Doug Curlee of The Santee (Calif.) Patch brings us the story of what every manufactured-home owner fears: a sudden increase in the rent they pay on the land beneath their homes.
Happily, for now, the City of Santee has a Manufactured Home Fair Practices Commission, and that commission voted to enforce fair practices. But as Curlee notes, this victory for residents is no guarantee of their future security: “Santee Mobile Home Owners Win the Rent-Control Battle — But Not the War.”
The residents of Meadowbrook Santee Mobile Estates heard the Santee Manufactured Home Fair Practices Commission confirm the victory they actually won three weeks ago against the company that owns the park, at a special meeting on Thursday.
Three commissioners voted unanimously to affirm that Equity Lifestyle Properties will not get the rental rate increase the company had asked for—a rate increase that would have jacked up space rentals by about $472 a month for the average space in the park.
Given that the average rate the residents are paying now is around $720 a month, it would have represented a staggering increase, especially to senior citizens on fixed incomes.
When a landlord announces a rent increase from $720 a month to nearly $1,200 a month, he’s not trying to cover his own increasing costs, or even just to gouge his tenants. A rent increase of that size is designed to chase off tenants so that the land can be sold to developers for some potentially more lucrative use. A rent increase of that size is basically an eviction notice.
So even though city commissioners voted to protect these residents for now, they know that the company that owns the land beneath their not-really-mobile mobile homes doesn’t want them there and will continue seeking other ways to force them to leave.
Park residents did not race home to pop the champagne corks.
They say they know full well this was a skirmish—a minor battle—in the ongoing war between the park owners and the City of Santee.
“We know this is going to go to court, that the owners are going to sue the city over the whole rent-control law” says Joanne Lepur, a Meadowbrook resident.
“It’s all part of the park owners’ strategy, and not just Meadowbrook. The city has spent more than $2 million, so far, defending the rent-control ordinance in court, and the parks are trying to keep suing until the city runs out of money,” she said.
It’s good to have consumer protections such as the Santee Manufactured Home Fair Practices Commission in place, and laws protecting residents from unreasonable rent increases are also often helpful and necessary. But these things are really only half measures.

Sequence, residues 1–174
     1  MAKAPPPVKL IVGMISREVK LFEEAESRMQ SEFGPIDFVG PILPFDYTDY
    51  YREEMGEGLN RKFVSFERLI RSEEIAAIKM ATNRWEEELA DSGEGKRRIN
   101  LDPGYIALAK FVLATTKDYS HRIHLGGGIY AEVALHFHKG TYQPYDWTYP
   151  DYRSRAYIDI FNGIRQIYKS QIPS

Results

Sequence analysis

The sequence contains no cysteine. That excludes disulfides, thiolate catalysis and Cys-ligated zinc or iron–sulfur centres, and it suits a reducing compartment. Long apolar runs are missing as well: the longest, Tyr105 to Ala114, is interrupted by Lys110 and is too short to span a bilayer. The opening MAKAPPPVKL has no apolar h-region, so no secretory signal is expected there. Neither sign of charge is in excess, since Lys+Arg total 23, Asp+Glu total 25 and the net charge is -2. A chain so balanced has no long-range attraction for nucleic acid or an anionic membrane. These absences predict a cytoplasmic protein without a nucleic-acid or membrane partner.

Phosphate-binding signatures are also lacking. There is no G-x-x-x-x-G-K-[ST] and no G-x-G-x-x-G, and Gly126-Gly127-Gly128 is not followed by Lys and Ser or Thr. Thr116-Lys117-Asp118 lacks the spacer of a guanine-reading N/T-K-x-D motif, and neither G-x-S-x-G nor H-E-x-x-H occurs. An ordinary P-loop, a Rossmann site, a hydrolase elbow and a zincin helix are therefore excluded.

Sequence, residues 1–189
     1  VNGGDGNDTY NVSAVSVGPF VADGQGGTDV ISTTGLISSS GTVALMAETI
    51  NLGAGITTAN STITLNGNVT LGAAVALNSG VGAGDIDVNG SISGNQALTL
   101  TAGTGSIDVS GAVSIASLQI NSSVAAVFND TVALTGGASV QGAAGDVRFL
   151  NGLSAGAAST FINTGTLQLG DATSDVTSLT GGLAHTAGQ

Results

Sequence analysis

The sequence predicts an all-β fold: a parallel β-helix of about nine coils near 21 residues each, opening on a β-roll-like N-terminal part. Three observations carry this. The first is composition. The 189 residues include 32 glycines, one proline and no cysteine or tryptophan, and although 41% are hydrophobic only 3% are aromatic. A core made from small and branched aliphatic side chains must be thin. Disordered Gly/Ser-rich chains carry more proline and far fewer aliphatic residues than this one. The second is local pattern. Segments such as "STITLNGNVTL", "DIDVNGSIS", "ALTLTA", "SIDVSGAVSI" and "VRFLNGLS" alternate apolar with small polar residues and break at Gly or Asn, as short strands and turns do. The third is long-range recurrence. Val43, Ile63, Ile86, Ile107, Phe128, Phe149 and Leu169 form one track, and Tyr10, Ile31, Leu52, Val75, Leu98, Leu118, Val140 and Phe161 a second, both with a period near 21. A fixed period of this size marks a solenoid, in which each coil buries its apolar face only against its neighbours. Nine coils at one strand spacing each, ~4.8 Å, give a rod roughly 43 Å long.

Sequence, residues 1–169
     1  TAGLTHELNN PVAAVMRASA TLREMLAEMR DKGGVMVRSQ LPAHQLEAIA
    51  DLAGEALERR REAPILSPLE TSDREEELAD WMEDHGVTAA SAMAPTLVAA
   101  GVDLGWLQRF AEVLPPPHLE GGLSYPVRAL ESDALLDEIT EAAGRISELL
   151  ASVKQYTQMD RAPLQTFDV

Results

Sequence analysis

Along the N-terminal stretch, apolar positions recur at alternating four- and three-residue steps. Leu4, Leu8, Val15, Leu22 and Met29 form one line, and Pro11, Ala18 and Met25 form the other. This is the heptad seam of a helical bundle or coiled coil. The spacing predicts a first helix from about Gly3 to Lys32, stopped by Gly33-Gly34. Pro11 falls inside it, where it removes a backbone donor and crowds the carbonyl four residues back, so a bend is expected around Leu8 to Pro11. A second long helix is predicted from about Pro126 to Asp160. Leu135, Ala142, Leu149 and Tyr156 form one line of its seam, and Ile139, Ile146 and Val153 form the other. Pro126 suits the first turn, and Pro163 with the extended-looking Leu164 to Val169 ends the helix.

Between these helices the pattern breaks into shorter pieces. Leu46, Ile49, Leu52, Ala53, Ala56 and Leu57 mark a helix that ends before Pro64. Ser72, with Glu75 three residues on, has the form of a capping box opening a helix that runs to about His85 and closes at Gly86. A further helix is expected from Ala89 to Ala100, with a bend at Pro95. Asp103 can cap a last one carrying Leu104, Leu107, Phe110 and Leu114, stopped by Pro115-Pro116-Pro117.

It’s good and just and necessary for residents to be able to seek and find justice from the city or the courts, but that doesn’t change their precarious situation or resolve their underlying (literally under-lying) problem. It’s all but guaranteed that these same residents will have to seek justice from the city or the courts again soon, and there is no guarantee that next time they will get as favorable a result. Measures like a fair practices commission or laws limiting rent hikes and evictions help by limiting the power that landlords are able to bring down upon their tenants, but such measures don’t do enough to address the essential powerlessness of those tenants.
Better laws and regulations protecting the tenants of Potterville are thus no substitute for the more fundamental change that needs to occur — turning Potterville back into Bedford Falls.
That’s what’s happening now in Paradise Park, a manufactured home community in Highlands, N.J., that just successfully defended their right to purchase the land beneath their homes.
The homeowners will be meeting within the next two weeks to discuss their plans to purchase the property, [Homeowners association president Loretta] Dibble said.
The group has 45 days to secure a contract of purchase. Dibble acknowledged that the homeowners have work ahead of them to make the purchase. She also said the group needs two-thirds of the residents to agree to move forward to purchase the property.
“All of us are looking forward to buying the park, making it a better neighborhood, a welcoming place for families and individuals, and an example of democratic ownership and operation. We will be our own landlord now,” said Leonard Fiorili, association treasurer.
If the homeowners succeed in purchasing their community, it will be the first resident-owned manufactured housing community in New Jersey, despite long-standing public policy and laws designed to promote these community conversions, Dibble said.
“We will be our own landlord.” That’s how it should be and that’s all that 99 percent of the 99 percent are looking for.
The right wing of American politics — the 1-percenters and the venal little Renfields who do their bidding and tend to their coffins during the day — love to pretend that everyone else is a socialistic socialist advocating socialism. I’m fairly sure that they know this is a crock of nonsense, but they love to say it anyway and to pretend that they believe it’s true.
But there’s nothing “socialist” about owning the land beneath your home and being your own landlord, freed of the threat of exploitation and eviction. Bedford Falls isn’t a hotbed of socialism and George Bailey isn’t a socialist. Bailey is a banker, a capitalist — just not a corrupt crony capitalist like Old Man Potter. We 99-percenters are not driven by envy or by our jealousy of Potter, we’re just tired of getting screwed by the landlord.
As Matt Taibbi put it, our complaint isn’t that Old Man Potter is winning, it’s that he’s cheating.